This implies, on a first level, collaboration with pastors of other Christian denominations, trying to join forces to improve the services provided, and endeavoring to offer the seafarer the spiritual assistance he needs.  I cannot deny that in my efforts in this area the conviction that every Christian has the duty to work for the union of the churches has had great influence, together with the fact that for nine years I was the Regional Coordinator of the ICMA for the Mediterranean and the Middle East.  All of this has led me to establish regular, very cordial relations with pastors from different foreign communities. At present, in Barcelona we maintain very good relations with the following communities: German Evangelical, British Anglican, Russian Orthodox and Romanian Orthodox.

However, there is another much more difficult, but no less important level: the interreligious level.  In this area I have paid special attention to the Muslims who make up an important group (approximately 18% of the world fleet).  Over all these years, I have continuously sought contact with the imams who head the mosques near the port.  The task has not been easy, but in the end we have achieved collaboration with the Islamic Council of Catalonia and some Muslim seafarers have already benefited from this.

I think that this service is fully a part of the practice of Christian charity and the action of the Good Samaritan to help a person find what he needs for his personal well-being. 

Proclamation of the Word, the Good News of Our Lord

We all know that seen from the outside, the work of Stella Maris is fundamentally social.  What do the seafarers ask from us?  A means of transportation, a telephone, a computer with Internet, a place to spend a little time enjoyably, advice, help when they have problems…and only in a few cases what we could call purely religious attention.  In these circumstances, how can a deacon or any Christian proclaim the Word?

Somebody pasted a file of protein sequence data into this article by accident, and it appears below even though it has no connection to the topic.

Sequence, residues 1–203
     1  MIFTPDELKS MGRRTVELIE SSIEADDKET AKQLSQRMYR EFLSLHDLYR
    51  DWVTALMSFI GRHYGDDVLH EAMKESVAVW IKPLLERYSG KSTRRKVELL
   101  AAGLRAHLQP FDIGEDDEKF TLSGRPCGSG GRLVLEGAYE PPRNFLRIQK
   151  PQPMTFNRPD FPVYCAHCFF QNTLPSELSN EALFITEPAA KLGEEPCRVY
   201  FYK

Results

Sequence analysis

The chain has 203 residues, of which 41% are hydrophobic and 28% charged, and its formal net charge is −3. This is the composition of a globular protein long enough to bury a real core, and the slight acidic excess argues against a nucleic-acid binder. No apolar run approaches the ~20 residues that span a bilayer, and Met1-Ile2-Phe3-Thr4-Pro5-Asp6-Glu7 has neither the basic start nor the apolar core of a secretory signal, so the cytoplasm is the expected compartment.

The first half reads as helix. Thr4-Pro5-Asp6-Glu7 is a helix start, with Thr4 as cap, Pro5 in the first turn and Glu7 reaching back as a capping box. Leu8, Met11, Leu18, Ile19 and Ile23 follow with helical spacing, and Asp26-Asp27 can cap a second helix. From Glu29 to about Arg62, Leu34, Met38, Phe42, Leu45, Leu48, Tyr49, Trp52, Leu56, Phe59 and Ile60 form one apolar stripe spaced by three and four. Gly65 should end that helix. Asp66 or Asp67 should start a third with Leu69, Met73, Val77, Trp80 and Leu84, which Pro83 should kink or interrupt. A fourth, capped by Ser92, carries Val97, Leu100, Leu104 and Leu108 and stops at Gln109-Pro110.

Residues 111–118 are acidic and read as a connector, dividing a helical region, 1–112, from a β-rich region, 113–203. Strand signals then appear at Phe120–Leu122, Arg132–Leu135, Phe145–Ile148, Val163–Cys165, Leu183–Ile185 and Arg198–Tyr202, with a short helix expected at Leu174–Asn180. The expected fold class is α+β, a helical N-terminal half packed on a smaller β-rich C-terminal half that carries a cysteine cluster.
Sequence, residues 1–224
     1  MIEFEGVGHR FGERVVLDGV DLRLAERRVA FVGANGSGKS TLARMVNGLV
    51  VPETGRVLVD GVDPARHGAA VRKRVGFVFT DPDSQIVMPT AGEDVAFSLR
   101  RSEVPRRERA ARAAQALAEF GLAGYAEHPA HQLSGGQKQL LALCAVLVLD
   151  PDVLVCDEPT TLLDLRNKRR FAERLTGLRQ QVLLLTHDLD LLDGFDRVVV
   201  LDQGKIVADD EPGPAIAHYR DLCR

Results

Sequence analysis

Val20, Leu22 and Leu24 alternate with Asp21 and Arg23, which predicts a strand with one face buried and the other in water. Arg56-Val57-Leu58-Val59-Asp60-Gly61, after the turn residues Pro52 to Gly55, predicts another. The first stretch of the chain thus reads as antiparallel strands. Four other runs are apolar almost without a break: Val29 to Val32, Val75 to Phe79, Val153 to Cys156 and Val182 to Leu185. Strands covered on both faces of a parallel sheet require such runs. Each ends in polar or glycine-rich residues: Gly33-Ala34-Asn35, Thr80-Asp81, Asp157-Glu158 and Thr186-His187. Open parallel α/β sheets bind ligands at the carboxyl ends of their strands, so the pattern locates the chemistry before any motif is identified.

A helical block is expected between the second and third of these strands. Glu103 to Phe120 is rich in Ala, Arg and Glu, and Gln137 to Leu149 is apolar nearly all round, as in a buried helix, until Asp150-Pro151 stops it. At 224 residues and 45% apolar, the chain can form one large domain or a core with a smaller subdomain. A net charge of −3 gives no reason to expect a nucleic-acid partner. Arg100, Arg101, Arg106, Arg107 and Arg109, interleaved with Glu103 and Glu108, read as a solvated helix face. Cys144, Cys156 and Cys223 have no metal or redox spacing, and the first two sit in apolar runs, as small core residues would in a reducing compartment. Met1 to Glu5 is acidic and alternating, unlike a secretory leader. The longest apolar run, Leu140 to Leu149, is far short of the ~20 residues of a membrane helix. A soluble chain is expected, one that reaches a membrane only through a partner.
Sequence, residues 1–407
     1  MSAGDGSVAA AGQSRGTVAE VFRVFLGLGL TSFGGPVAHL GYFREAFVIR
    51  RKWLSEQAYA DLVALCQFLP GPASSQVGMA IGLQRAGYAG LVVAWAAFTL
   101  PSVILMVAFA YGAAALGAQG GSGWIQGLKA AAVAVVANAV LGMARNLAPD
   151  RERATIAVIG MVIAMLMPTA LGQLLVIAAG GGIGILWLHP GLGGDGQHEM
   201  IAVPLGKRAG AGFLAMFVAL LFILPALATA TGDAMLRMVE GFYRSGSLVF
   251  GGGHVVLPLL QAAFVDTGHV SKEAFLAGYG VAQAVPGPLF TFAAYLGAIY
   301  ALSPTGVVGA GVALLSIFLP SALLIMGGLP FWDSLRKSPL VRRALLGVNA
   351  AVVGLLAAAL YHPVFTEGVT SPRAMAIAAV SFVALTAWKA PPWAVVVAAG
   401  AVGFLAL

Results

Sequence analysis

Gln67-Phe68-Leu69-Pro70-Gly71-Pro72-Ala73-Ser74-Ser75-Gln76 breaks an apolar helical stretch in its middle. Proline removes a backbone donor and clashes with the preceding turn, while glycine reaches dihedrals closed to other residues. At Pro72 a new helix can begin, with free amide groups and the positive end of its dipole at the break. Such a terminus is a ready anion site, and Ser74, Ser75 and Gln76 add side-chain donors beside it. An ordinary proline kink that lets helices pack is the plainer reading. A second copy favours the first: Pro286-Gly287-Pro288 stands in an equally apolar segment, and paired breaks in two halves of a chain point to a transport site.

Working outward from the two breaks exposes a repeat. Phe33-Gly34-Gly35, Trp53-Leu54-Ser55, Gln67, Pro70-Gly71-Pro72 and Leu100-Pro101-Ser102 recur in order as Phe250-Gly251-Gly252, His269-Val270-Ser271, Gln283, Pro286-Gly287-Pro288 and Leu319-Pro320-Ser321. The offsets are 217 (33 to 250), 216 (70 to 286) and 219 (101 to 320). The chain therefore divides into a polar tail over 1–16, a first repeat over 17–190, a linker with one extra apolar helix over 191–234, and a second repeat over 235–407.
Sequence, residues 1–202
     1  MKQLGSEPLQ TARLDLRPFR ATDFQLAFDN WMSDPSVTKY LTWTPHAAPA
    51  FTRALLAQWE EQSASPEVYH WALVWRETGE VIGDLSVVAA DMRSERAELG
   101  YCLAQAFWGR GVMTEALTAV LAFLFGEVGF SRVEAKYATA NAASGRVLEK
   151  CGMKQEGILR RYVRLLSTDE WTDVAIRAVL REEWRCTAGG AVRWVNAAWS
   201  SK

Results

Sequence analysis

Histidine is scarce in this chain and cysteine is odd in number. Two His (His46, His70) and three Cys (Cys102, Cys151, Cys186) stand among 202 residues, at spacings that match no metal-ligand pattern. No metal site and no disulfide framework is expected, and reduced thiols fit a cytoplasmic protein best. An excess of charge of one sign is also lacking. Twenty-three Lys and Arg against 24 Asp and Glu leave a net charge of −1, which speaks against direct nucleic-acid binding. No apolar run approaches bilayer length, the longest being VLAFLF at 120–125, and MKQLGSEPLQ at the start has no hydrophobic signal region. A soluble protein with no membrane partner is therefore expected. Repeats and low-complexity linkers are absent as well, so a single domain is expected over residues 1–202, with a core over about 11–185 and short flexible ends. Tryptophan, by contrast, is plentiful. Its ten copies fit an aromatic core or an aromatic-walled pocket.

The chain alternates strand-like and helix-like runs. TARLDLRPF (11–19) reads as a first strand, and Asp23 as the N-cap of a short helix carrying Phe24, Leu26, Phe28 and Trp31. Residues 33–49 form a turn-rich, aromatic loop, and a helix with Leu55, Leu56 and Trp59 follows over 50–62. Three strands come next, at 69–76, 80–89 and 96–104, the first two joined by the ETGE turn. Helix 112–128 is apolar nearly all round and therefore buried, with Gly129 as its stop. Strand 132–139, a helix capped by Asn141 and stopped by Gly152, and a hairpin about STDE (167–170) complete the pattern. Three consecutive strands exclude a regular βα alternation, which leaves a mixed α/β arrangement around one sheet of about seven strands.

I would say that there is a first level, which we could call of silent proclamation of the Word that can consist of a smile, shaking hands, or any manifestation of affection and solidarity.  One Muslim captain exclaimed with surprise and gratitude, “You are Christians and you offer to take us to a mosque!”.

However, occasions certainly exist for the verbal proclamation of the Word: when a mortal accident occurs on board a ship and the captain asks for spiritual assistance for the crew, this is a moment in which the Word can bring great consolation and hope.

This can also be done on the occasion of blessing a ship or an office in the port, or during the celebrations which a deacon can preside, such as weddings, baptisms or funerals, in our case of seafarers, fishers, dock workers, students or professors from the Faculty of Navigation.  These are all occasions to proclaim the Word.

Another important way is through news bulletins because of their potential for circulation: in our case, we send “Noticias de España” (News from Spain) to about 60 ports all around the world. On weekends I include the Mass readings and a comment on the Gospel. 


Masses in the Stella Maris: The deacon “serves at the altar and animates the celebrations”.  As the person in charge of the centre, in collaboration with the priest who is celebrating, I have been concerned that the celebrations are as worthy and festive as possible, and that special attention is paid to the cases when seafarers of different nationalities are taking part.

Ecumenical celebrations: Likewise, I have organized and prepared ecumenical ceremonies regularly during the past six years. These celebrations are authentic external signs of brotherhood.

Baptisms, weddings and funerals: Here personal relations with seafarers, fishers and people of the port of Barcelona have led them to ask me to officiate at these celebrations.

Stella Maris thus represents a place in the port of Barcelona where the professionals of the sea who are believers can feel that the liturgical celebrations are more familiar to them. 


The practice of charity, the proclamation of the Word, and the liturgy are thus applied as different expressions of one same reality. A deacon must serve his seafarer brother through celebration, proclamation and charity. He must always have the humility of someone who serves, and, at the same time, the strength of someone who animates and dynamizes while keeping very clearly in mind that as the deacon Saint Francis of Assisi said, we have to be first and foremost instruments of God’s love.